This proposed Marlins-Blue Jays trade for electric star will absolutely never happen

May 7, 2024; Los Angeles, California, USA; Miami Marlins center fielder Jazz Chisholm Jr. (2)
May 7, 2024; Los Angeles, California, USA; Miami Marlins center fielder Jazz Chisholm Jr. (2) / Kirby Lee-USA TODAY Sports

At 11-32 entering the day, there's little doubt that this year's Miami Marlins are going nowhere. In fact, they've already traded away Luis Arraez, sending him to the Padres for a package of prospects, seemingly waving the white flag and it's only May.

Miami made it to the postseason last year as the ultimate underdog, but things are going the complete opposite direction in 2024. The Toronto Blue Jays are 19-22 and also in last place in their division, but all hope is not quite gone ... yet.

With the club so close to .500, it's fair to say that their trade deadline could go either way. There are avenues in which they sell assets and some that involve a buyer's approach. In a recent piece from Bleacher Report, the Blue Jays and Marlins line up on a trade that sends some notable big leaguers and top prospects to new homes.

And it would never, ever happen.

Proposed trade between Blue Jays, Marlins will absolutely never happen

In this deal, the Marlins' face of the franchise Jazz Chisholm Jr. would be heading north of the border to play center field and/or second base for the Blue Jays. Here's the rest of the package and which parts would be moving where.

  • Blue Jays receive: INF/OF Jazz Chisholm Jr.
  • Marlins receive: RHP Alek Manoah, SS Arjun Nimmala (Jays Journal No. 2 prospect), INF/OF Addison Barger (JJ No. 4)

Chisholm, 26, might be young, full of potential and controllable, but he hasn't exactly shown enough to warrant a deal including two top prospects and Alek Manoah, who may just be on the come-up after his latest outing against the Twins.

In 42 games this year, Chisholm has five home runs and 21 RBI with a .763 OPS and 115 OPS+. He's been a fine player but he struggles on defense and brings yet another left-handed bat to a Blue Jays lineup that doesn't need another one. He is not set to hit free agency until the conclusion of the 2026 season, which will boost his value but also price himself out of the Blue Jays' grip, which is not a bad thing considering the proposed package of players heading to Miami.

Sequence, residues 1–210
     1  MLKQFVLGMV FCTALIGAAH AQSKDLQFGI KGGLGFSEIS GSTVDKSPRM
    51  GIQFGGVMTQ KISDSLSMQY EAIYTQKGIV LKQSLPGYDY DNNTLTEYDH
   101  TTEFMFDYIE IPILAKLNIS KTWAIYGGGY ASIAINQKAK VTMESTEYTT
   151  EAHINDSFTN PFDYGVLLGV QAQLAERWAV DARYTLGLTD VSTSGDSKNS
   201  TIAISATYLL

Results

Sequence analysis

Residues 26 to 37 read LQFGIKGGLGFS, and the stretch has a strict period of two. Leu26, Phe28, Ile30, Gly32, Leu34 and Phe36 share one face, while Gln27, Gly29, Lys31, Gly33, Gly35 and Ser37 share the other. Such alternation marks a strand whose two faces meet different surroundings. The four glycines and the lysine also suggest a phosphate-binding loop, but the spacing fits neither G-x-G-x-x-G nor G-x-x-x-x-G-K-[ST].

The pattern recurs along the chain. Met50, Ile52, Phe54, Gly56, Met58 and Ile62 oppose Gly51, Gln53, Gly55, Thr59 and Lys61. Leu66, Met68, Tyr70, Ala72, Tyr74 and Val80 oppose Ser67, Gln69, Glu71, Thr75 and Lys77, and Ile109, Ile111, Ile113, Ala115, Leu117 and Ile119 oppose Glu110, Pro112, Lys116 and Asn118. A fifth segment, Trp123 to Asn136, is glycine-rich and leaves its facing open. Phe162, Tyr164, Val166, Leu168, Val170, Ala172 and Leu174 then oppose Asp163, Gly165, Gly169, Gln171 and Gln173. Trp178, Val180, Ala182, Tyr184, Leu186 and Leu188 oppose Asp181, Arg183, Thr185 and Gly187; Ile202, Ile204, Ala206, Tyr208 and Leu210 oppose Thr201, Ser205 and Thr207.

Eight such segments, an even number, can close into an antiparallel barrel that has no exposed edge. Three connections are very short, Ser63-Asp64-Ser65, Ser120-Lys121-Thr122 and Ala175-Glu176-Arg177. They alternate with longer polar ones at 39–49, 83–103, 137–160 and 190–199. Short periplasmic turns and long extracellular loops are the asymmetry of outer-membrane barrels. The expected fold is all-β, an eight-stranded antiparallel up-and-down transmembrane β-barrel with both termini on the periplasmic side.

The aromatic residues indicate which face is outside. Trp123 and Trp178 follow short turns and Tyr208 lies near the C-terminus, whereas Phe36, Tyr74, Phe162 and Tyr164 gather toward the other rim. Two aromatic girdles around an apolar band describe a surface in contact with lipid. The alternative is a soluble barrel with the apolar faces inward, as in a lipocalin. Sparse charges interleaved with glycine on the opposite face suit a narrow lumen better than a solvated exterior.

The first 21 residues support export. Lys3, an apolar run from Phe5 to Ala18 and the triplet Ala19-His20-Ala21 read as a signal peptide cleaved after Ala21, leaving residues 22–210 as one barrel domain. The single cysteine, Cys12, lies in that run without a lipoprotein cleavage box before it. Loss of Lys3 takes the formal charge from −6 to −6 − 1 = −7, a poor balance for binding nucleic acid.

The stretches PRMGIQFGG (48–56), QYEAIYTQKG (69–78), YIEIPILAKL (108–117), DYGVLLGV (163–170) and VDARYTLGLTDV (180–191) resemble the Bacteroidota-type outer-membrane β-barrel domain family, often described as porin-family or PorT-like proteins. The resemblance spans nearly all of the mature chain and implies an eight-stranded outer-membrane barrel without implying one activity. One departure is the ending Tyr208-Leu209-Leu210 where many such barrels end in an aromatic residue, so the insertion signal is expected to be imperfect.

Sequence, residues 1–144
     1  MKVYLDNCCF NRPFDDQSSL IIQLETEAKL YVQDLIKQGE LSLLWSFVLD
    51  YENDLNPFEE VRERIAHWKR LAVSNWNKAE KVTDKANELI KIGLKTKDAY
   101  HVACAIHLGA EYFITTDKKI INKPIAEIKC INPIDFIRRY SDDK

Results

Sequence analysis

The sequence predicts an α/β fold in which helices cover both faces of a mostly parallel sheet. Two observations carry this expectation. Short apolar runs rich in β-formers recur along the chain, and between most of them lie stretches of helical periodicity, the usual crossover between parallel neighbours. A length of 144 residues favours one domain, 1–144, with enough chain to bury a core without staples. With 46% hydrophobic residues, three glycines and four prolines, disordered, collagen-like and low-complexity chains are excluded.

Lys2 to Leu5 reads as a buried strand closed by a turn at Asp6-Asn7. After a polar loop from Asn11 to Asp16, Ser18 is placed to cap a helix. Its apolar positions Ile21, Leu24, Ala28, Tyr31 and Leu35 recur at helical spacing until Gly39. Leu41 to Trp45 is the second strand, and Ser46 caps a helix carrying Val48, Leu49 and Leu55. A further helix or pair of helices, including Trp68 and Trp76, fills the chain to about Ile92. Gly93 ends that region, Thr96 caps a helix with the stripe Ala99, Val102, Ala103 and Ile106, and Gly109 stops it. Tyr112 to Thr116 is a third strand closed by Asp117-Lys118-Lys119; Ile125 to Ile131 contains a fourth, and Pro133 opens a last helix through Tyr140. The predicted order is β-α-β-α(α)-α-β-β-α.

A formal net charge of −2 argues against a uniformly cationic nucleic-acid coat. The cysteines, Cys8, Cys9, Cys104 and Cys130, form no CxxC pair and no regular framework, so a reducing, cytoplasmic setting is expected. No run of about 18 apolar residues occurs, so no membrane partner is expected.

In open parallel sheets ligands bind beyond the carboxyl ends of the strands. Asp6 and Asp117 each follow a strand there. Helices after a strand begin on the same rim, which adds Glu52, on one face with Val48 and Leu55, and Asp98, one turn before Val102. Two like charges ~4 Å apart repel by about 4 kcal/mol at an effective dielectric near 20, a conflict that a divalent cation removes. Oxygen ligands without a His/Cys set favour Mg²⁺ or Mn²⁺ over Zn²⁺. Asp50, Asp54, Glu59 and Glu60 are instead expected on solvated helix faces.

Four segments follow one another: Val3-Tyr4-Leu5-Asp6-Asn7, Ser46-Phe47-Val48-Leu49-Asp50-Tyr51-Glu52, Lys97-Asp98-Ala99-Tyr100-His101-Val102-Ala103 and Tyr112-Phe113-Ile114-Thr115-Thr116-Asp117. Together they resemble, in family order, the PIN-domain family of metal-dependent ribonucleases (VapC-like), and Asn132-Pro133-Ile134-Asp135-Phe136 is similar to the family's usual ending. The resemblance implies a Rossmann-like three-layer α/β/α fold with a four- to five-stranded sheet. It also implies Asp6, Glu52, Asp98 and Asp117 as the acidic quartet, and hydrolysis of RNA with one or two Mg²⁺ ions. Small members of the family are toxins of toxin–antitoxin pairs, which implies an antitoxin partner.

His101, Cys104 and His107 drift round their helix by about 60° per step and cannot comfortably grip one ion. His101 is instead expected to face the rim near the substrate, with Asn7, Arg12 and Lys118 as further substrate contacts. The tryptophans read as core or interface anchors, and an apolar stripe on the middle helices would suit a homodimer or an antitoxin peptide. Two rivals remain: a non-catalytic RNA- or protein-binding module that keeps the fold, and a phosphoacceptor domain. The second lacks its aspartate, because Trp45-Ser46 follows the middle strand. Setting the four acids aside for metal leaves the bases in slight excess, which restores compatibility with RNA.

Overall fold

One solid start for Manoah is absolutely, positively not enough to convince me that he's all the way back. However, it was encouraging to see. He struggled mightily last year and in his first big league outing of this season, but in his last start he went seven innings without allowing an earned run (three un-earned) and six strikeouts. He's got potential to turn things around and while he's a change-of-scenery candidate, it doesn't feel like this is the package to flip him in.

Farther down the list are the two top prospects that BR thinks the Jays should send to the Marlins. In a farm system devoid of many notable names, moving on from two of the only ones fans know is certainly a bold move.

Barger, 24, has 18 big league plate appearances under his belt and while he only registered one hit, he flashed a decent glove and has continued to perform well in the high-minors. In 24 games at the Triple-A level, he's got 14 extra-base hits and has walked (18) more than he's struck out (17) while boasting a smooth .921 OPS. His ability to play the corner infield and outfield adds to his value and there's a rather easy to see path to playing time for him at third base in the not-so-distant future.

Nimmala, 18, was the Blue Jays' first-round pick in last year's MLB Draft. The sky is the limit for what this kid will do as a professional, so flipping him now is a rather large question mark. Through his first 38 games as a pro, Nimmala has 10 XBH with a .642 OPS. He's got all of the potential in the world and should continue to rocket up top prospect lists as he develops.

This deal would not be a franchise-shattering one from the Blue Jays' perspective, but there's simply no need to move on from two top prospects, and two prospects that the organization holds in high regard. Chisholm is a fine, potentially All-Star-caliber player, but he simply does not move the needle enough and this is an absolute fleece-job by the Marlins.